New Working Week

On 7 December 2021, the UAE Government announced that federal government employees will shift their working days from Sunday - Thursday to Monday - Friday and that Friday would be a half day meaning that employees work 4.5 days only. Schools have announced a change to their operating hours to reflect the public sector working week. 

There is no direct obligation on private sector employees to change the working week. As set out above, the New Labour Law provides that employees are entitled to one rest day a week but there is no requirement for that rest day to fall on a particular day of the week. Therefore private sector employers are entitled to retain the Sunday to Thursday working week. Despite that, it is clear that many businesses are shifting their work week to align with Government and school operating hours.

The Kingdom of Saudi Arabia (KSA)

Introduction of citizenship

We published an alert last month detailing the introduction of citizenship in Saudi Arabia for foreign nationals with specialised skills.‘Outstanding’, highly skilled professionals working in the legal, scientific and medical, technical, sports and cultural fields, will be able to naturalise as a Saudi citizen according to a royal decree. Those who contribute to the growth of The Kingdom will be considered for citizenship, and the announcement signals the country’s aim to attract and retain expatriates with exceptional skills and talent.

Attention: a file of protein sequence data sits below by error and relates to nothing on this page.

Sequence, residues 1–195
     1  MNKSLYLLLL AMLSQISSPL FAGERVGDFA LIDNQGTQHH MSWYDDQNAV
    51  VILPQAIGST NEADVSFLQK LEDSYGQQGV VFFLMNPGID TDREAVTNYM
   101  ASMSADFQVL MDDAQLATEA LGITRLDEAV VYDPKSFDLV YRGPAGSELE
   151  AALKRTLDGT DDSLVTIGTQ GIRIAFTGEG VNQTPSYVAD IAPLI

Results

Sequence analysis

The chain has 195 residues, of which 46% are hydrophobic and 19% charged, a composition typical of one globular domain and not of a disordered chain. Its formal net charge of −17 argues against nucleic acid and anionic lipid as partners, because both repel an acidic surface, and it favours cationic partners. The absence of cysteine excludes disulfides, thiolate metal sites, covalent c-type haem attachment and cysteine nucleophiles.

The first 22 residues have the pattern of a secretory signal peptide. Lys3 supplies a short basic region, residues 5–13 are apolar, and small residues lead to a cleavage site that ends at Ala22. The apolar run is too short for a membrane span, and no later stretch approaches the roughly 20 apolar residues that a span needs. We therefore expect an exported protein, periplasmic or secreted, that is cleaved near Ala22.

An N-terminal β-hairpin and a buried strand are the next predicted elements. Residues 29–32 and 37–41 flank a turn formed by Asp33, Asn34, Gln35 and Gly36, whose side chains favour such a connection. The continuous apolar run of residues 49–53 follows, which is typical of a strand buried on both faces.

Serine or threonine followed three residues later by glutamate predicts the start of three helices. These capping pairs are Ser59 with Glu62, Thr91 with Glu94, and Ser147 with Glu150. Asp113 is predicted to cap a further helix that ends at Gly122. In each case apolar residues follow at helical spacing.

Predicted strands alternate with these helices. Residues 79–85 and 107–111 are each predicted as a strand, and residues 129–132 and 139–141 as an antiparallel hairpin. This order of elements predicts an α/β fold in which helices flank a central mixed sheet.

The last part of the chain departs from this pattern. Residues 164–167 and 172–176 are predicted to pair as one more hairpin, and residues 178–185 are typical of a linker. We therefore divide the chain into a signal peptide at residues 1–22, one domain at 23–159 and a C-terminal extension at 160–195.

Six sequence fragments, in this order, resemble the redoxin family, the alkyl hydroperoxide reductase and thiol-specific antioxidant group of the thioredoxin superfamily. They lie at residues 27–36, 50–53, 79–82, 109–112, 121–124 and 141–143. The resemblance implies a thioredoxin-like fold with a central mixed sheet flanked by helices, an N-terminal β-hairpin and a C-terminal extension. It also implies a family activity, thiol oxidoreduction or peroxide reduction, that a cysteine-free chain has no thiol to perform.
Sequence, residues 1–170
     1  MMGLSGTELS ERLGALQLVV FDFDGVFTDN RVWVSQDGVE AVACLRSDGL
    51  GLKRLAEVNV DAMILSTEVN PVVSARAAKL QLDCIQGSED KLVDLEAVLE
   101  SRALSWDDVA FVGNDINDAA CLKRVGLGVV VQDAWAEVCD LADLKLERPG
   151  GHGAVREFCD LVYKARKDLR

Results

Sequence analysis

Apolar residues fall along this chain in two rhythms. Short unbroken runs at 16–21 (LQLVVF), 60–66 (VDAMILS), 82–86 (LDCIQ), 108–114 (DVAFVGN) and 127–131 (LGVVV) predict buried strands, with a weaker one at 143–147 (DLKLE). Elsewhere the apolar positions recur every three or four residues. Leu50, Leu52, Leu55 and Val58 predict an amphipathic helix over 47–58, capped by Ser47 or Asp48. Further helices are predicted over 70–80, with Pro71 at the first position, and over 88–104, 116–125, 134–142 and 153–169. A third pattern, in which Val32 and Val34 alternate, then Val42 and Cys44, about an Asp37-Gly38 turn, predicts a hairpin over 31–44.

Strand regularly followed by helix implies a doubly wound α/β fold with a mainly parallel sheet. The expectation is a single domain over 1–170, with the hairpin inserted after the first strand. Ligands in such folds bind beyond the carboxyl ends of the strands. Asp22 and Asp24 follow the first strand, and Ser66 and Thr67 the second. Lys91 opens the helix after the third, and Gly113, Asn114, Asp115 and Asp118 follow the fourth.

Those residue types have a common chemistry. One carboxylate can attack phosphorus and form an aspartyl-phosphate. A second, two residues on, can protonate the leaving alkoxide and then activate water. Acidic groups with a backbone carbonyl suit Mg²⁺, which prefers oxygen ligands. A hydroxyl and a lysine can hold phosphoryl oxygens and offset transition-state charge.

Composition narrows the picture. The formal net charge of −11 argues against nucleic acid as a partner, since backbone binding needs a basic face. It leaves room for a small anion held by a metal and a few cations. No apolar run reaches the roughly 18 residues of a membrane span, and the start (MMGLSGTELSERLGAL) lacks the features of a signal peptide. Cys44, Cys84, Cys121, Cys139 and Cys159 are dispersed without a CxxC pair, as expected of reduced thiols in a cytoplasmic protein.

Iqama renewals

Saudi Arabia’s Ministry of Interior has begun to issue residency permits (Iqamas) for periods of 3 months, in line with a recent decision of the Council of Ministers to permit the issuance and renewals of Iqamas on a quarterly basis. This is with the exception of domestic workers.

This change means that employers are now able to renew Iqamas for varying periods of 3 months, 6 months, and 9 months, paving the way for the hiring and renewal of Iqamas to meet business needs.

Key takeaway

In view of the New Labour Law coming into effect on 2 February 2022, employers in the UAE are encouraged to proactively commence examining their potential statutory and contractual obligations, in order to ensure a smooth transition, compliance with the provisions and regulations of the New Labour Law, and ultimately avoid any disruption to the business.

Applications for Five-Year Multi-Entry visas are now open in Dubai, and overseas businesses are able to register for the programme online, with credentials being assessed before employees are able to submit their individual visa applications. 

The Kingdom is continuing to implement initiatives to attract and retain exceptional foreign talent, as well as ease processes for businesses to facilitate the hiring and renewal of Iqamas for employees.


How can we help?

We understand that this is a challenging and unpredictable time for many companies and their employees. We can help to:

  • Advise on changes highlighted in this round-up, from the introduction of a Five-Year Multi-Entry Visit visa to UAE Labour law changes;

  • Review employment contracts, policies and processes to ensure readiness for UAE labour law changes in 2022;

  • Assist with advising stakeholders and drafting communication to employees on travel and visa requirements as they change in the region (in compliance with Government announcements and immigration requirements).